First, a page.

Shoulder muscle activation during stable and suspended push-ups at different heights in healthy subjects

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Borreani, Sebastien
Calatayud, Joaquin
Colado, Juan C.
Tella, Victor
Moya-Najera, Diego
Martin, Fernando
Rogers, Michael E.

Borreani, Sebastien; Calatayud, Joaquin; Colado, Juan C.; Tella, Victor; Moya-Najera, Diego; Martin, Fernando; Rogers, Michael E. 2015. Shoulder muscle activation during stable and suspended push-ups at different heights in healthy subjects. Physical Therapy in Sport, vol. 16:no. 3, August 2015:pp 248–254


Objectives: To analyze shoulder muscle activation when performing push-ups under different stability conditions and heights.

Study design: Comparative study by repeated measures.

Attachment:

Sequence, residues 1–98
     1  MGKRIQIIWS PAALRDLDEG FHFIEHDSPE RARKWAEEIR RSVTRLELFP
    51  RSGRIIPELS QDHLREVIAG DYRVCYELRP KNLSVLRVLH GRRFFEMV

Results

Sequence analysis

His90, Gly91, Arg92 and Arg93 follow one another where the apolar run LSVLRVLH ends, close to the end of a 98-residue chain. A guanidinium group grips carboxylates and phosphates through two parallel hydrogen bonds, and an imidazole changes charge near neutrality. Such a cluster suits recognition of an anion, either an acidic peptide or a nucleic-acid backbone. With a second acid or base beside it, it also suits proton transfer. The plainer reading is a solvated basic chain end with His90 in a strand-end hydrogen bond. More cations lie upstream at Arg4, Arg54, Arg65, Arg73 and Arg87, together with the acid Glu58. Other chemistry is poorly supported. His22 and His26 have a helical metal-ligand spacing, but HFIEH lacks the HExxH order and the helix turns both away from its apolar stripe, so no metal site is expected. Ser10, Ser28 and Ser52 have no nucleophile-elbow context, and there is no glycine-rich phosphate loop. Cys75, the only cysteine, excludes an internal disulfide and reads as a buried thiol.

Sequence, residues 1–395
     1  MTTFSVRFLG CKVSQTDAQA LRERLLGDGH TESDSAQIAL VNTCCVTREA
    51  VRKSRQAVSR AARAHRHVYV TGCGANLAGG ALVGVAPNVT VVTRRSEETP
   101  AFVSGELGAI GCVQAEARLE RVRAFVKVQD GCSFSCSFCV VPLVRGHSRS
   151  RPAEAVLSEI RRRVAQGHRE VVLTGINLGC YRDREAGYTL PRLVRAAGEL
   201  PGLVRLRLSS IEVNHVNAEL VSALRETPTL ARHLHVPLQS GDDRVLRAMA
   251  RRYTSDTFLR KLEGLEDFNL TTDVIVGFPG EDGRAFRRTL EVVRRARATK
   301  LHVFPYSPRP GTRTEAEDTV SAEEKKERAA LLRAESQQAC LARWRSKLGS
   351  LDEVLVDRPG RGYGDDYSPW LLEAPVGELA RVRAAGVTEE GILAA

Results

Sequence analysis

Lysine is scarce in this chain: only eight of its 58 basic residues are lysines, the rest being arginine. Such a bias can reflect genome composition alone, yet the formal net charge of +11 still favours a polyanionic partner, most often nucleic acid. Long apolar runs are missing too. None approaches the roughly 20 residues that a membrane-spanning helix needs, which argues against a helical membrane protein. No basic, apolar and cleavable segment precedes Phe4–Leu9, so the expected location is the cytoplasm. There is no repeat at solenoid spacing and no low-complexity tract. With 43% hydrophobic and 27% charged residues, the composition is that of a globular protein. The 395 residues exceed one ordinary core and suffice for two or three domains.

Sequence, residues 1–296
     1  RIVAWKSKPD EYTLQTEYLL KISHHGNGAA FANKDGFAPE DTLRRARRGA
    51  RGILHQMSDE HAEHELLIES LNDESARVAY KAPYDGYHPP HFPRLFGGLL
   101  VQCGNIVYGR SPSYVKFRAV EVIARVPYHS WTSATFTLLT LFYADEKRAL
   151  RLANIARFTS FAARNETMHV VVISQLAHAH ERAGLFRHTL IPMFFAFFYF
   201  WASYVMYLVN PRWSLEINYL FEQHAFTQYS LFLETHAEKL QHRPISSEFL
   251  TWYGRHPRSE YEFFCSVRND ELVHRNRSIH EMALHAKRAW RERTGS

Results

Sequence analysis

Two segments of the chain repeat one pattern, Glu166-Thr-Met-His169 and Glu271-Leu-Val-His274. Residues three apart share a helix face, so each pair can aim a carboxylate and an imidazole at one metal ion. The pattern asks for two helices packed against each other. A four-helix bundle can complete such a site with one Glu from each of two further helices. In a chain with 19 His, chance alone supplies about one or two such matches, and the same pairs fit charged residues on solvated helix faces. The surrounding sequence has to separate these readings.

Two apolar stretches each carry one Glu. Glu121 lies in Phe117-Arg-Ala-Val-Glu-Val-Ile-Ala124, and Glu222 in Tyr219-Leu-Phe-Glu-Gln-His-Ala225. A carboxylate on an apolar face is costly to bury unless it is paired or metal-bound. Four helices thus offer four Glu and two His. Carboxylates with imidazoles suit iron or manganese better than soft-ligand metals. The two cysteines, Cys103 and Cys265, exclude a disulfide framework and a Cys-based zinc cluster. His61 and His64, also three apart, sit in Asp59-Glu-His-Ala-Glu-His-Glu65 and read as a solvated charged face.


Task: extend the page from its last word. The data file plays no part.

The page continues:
Setting: Valencia University laboratory.

Participants: 29 healthy males participated.

Main outcome measures: Subjects performed 3 push-ups each with their hands at 2 different heights (10 vs. 65 cm) under stable conditions and using a suspension device. Push-up speed was controlled and the testing order was randomized. The average amplitudes of the electromyographic root mean square of the long head of the triceps brachii (TRICEP), upper trapezius (TRAPS), anterior deltoid (DELT) and clavicular pectoralis (PEC) were recorded. The electromyographic signals were normalized to the maximum voluntary isometric contraction (MVIC).

Results: Suspended push-ups at 10 cm resulted in greater activation in the TRICEP (17.14 +/- 1.31 %MVIC vs. 37.03 +/- 1.80 %MVIC) and TRAPS (5.83 +/- 0.58 %MVIC vs. 14.69 +/- 1.91 %MVIC) than those performed on the floor. For DELT and PEC similar or higher activation was found performing the push-ups on the floor, respectively. Height determines different muscle activation patterns.

Conclusions: Stable push-ups elicit similar PEC and higher DELT muscle activation, being greater at 10 cm; whereas suspended push-ups elicit greater TRAPS and TRICEP muscle activation, being greater at 65 cm.

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